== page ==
Proposal N neighborhood improvement project gets final green light with sale of first $175 million in bonds
- Investor interest in Detroit bonds so strong they could have been sold 20x over
- City leverages intense interest to achieve low 3.36% interest rate
- Sale comes on the heels of S&P boosting Detroit’s rating outlook to “Stable”
The City of Detroit’s ambitious project to rehab 8,000 vacant homes and demolish another 8,000 got its first infusion of funds today as the City of Detroit sold the first $175 million in bonds of a planned $250 million neighborhood improvement effort. In November, more than 70% of Detroit voters approved letting the city sell the bonds.
The bond funds will allow the city to begin the process of stabilizing and securing thousands of vacant Land Bank properties until they can be sold for rehab and demolishing houses that can’t be saved. The city plans to go to the market again next year to sell additional Prop N bonds.
Interest among investors was so strong in this series of Detroit Prop N bonds that they could have been sold 20 times over. Specifically, for this $175 million bond sale, there were over $3.4 billion in orders.
“The incredibly strong interest in these bonds is a direct reflection of investor’s confidence in Detroit’s strong financial management and that starts with our Office of Chief Financial Officer,” said Mayor Mike Duggan. “CFO Jay Rising, Chief Deputy CFOs Tanya Stoudemire and John Naglick, and their entire team have done a tremendous job managing the city’s finances to put us in a strong position, now and for the future.”
Currently, contracts for the first 1,380 demolition properties are before City Council awaiting approval. All seven companies selected through the city’s procurement process to perform the work are Detroit headquartered and five of those companies are black-owned. More than 51% of the employees doing the demolition work for all seven companies will be verified residents of the city of Detroit.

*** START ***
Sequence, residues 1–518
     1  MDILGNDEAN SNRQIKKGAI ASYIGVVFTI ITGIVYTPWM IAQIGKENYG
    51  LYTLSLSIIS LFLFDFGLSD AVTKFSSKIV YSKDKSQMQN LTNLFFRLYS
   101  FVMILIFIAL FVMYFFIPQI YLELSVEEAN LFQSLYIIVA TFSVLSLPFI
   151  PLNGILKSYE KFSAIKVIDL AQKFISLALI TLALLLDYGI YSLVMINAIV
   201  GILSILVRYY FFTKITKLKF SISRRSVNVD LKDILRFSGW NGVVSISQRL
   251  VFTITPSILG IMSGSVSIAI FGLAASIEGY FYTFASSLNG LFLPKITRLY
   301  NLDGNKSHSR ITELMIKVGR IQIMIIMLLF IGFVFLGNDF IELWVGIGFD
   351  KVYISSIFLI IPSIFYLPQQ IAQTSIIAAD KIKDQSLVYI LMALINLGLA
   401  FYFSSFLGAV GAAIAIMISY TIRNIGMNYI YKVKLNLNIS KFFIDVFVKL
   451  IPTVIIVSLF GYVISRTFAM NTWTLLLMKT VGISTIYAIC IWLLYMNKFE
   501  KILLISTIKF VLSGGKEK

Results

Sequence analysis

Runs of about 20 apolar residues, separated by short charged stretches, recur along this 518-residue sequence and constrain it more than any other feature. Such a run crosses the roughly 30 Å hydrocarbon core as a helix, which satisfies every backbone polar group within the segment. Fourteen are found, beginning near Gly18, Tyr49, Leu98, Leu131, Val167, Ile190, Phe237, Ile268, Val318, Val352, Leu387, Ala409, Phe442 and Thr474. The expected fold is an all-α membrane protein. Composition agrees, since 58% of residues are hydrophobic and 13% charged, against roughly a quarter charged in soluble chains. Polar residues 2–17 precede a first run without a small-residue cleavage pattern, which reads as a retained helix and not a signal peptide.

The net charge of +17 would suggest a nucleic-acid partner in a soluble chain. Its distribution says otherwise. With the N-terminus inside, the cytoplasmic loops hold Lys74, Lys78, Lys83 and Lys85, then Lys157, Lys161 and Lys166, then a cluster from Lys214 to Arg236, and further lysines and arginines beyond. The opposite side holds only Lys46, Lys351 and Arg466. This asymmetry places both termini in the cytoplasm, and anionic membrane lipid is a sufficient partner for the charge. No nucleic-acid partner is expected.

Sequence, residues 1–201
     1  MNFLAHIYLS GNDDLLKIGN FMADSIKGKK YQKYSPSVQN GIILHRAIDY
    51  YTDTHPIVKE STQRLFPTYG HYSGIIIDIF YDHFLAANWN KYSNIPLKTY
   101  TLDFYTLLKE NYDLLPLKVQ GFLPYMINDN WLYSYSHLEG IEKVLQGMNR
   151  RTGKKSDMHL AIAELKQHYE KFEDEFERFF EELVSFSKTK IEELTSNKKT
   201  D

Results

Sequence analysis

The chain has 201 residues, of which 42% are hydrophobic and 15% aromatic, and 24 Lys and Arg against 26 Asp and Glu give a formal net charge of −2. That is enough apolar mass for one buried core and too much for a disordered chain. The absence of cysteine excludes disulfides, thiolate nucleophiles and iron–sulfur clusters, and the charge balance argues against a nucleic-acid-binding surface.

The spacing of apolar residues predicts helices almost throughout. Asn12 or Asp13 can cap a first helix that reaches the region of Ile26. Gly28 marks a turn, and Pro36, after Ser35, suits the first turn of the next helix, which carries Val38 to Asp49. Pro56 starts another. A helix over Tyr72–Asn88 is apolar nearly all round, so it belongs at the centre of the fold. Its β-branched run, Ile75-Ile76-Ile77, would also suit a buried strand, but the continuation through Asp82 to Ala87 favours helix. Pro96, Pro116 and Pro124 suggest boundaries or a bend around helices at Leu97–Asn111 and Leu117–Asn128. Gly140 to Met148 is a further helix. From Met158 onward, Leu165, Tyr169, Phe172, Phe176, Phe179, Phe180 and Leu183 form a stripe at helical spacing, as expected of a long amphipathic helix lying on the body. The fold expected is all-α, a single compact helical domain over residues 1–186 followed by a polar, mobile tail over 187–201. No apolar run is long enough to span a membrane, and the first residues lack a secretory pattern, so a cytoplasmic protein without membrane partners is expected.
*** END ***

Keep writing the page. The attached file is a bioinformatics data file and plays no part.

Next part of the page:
Strong demand means lower interest rate
The City issued a mix of taxable and tax-exempt bonds that will be immediately spent as the first installment on Proposal N programs. More than 60 institutional investors placed orders on the bonds on Thursday, many of which were repeat investors that purchased the City’s 2020 and 2018 bonds demonstrating their continued support and interest in the City, according to CFO Rising.
That overwhelming level of interest allowed the City to achieve a much lower interest rate than it had initially expected and will translate to much lower repayment costs over time for Detroit taxpayers.
“Investors took notice of Detroit’s steady progress in building financial strength and swiftly responding to the pandemic driven revenue shortfalls. They saw that while the COVID-19 crisis may have slowed this positive trend, it did not reverse it,” said Rising.
The strong market and demand for Detroit bonds allowed the City to secure a 3.36% interest rate, significantly less than city officials had initially anticipated and 1.28 percentage points less than the interest rate received by the City on its last general obligation bond issue in October, 2020. Detroit marketed these bonds with the “Social Bond” designation to attract Environmental, Social, and Governance (ESG) focused investors that are interested in financing socially beneficial projects.
Recent S&P upgrade sets the stage
In bringing Detroit’s outlook to “Stable” two weeks ago, Standard & Poors referenced the City’s strong fiscal management and the vision behind Proposal N: “We view the passage [of the $250 million Proposal N] as significant in that it will further a key component of the administration's long-term vision for strengthening the tax base and do so with a dedicated debt millage as opposed to funding through reserves or the operating budget.”
This is the third time since 2018 that Detroit sold municipal bonds backed solely on the City’s ability to repay. During the prior 20 years, the City could only sell bonds that were either backed by the state of Michigan or with insurance to the bondholder, which greatly added to the cost for the City.